502 solar years ago, on this day in 1514 AD, Shah Tahmasp I, was born in Isfahan to the Founder of the Safavid Empire of Iran, Shah Ismail I. He ascended the throne at the age of 10 on the death of his father, His reign of 52 years is the longest of any Muslim king of Iran, and was marked by foreign threats, primarily from the Ottomans in the west and the Uzbeks in the northeast. Upon adulthood, he was able to reassert his power and consolidate the dynasty against internal and external enemies. Although he lost Iraq and parts of Anatolia to the Ottoman invaders, his pious nature made him avoid unnecessary shedding of Muslim blood. As a result, after thwarting Ottoman designs in the Caucasus, Shah Tahmasp concluded the Treaty of Amasya, with Sultan Sulaiman, resulting in a peace that lasted 30 years and led to the development of Iran. He continued his father’s policy of enlightening the people with the teachings of Prophet Mohammad’s (SAWA) Ahl al-Bayt, and assembled at his court in Qazvin leading ulema from all over Iran, Iraq, Bahrain, and Lebanon. As a descendant of the Prophet and head of the Safavid spiritual order tracing to Safi od-Din Ardebili, he was acknowledged as suzerain by the Shi’a Muslim sultanates of the Deccan (Southern India). Shah Tahmasp is also known for the reception he gave to the fugitive Mughal Emperor Naseer od-Din Humayun of Hindustan (Northern Subcontinent) when the latter was ousted from power and provided him military aid to recover his kingdom. Shah Tahmasp was an enthusiastic patron of arts with a particular interest in Persian miniature, especially book illustration. The most famous example of such work is the “Shahnama-e Shah Tahmaspi”, containing 250 miniatures by the leading court artists of the era. Shah Tahmasp's another more lasting achievements was his encouragement of the Persian carpet industry on a national scale in response to the economic effects of the interruption of the Silk Road carrying trade during the Ottoman wars.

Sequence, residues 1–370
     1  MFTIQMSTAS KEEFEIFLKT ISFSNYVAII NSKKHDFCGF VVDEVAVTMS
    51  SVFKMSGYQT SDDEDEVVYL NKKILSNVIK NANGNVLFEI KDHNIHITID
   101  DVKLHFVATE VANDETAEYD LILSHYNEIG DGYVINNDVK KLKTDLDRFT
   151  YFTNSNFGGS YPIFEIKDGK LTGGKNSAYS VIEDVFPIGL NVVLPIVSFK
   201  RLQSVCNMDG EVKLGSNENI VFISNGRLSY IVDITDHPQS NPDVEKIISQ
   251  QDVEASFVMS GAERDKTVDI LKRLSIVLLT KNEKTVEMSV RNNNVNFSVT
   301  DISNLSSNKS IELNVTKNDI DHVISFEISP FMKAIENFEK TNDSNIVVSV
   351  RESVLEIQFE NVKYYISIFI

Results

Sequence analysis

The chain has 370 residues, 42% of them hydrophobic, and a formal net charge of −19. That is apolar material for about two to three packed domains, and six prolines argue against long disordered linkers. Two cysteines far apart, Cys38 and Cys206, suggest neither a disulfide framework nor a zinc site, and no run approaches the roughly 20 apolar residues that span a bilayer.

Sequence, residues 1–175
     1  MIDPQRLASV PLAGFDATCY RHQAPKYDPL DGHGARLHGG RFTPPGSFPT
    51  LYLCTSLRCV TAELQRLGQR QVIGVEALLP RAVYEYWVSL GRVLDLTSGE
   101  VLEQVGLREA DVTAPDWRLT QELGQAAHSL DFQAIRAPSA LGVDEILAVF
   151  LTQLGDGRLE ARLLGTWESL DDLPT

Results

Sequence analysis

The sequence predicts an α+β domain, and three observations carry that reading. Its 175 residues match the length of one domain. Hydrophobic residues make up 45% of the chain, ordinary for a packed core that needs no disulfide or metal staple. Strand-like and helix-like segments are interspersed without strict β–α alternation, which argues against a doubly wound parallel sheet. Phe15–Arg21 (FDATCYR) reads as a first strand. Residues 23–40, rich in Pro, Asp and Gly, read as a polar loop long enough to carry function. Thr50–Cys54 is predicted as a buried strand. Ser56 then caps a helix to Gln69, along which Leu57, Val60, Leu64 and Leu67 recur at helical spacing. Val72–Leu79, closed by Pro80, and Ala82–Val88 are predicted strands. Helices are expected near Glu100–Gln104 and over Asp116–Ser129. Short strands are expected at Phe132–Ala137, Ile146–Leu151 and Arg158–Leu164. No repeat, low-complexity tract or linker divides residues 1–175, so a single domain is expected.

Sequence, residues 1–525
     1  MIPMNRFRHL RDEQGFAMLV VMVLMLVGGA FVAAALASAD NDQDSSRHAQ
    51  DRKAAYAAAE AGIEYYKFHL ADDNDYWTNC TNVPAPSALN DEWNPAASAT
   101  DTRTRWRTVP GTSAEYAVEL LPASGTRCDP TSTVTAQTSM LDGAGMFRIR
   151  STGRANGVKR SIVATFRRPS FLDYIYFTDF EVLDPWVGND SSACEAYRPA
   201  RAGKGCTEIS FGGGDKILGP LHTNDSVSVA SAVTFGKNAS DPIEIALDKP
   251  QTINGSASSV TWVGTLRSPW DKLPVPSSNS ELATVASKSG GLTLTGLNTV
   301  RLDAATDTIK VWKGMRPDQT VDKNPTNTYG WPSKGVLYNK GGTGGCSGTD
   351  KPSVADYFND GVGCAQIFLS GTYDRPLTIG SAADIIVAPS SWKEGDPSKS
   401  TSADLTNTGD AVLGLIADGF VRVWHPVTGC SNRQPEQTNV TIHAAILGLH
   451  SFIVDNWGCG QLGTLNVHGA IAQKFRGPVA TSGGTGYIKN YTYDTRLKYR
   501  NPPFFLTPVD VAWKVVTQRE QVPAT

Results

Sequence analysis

461 solar years ago, on this day in 1555 AD, the 2nd Mughal Emperor, Naseer od-Din Humayun  re-conquered with Iranian help eastern Afghanistan and the northern subcontinent, fifteen years after losing the throne of Delhi to the Pashtun adventurer, Sher Shah Suri. Born in 1508 in Kabul, where his father, the Timurid prince Zaheer od-Din Babar had established himself with the assistance of Shah Ismail I the founder of the Safavid Dynasty of Iran, he succeeded to the throne of Delhi in 1530, while his step-brother Kamran Mirza obtained the sovereignty of Kabul and Lahore. His peaceful personality, in addition to his addiction to opium, cost him the kingdom ten years later, forcing him to seek refuge in Iran, where he was cordially received by Shah Tahmasp I, who provided financial aid and 14,000 troops to regain his Empire. Humayun, along with his trusted general, Bairam Khan, crossed the Indus River and in February of 1554, he occupied the Punjab, including Lahore, without any serious opposition. To check the Moghul-Persian advance, Sikandar Shah of Delhi sent a huge army of Afghans and Rajputs that was defeated. On restoration of Mughal, thousands of Iranians continued to migrate every year to Hindustan and were given high civil and military positions. This signaled an important change in Mughal court culture, as the Central Asian origins of the dynasty were largely overshadowed by the influences of Persian art, architecture, language and literature. Humayun's most noted achievement was in the sphere of painting. His devotion to the early Safavid School, developed during his stay in Iran, led him to recruit Persian painters of merit to accompany him back to India. These artists laid the foundation of the Mughal style. Even Humayun's tomb was built in the Iranian style by his widow, Hamida Bano Begum (daughter of Shaikh Ali Akbar Jami, an Iranian Shi'ite Muslim descended from the mystic Shaikh Ahmad Jami of Torbat-e Jam in Khorasan). It is said Humayun had embraced the school of the Prophet's Ahl al-Bayt while in Qazvin at the court of Shah Tahmasp.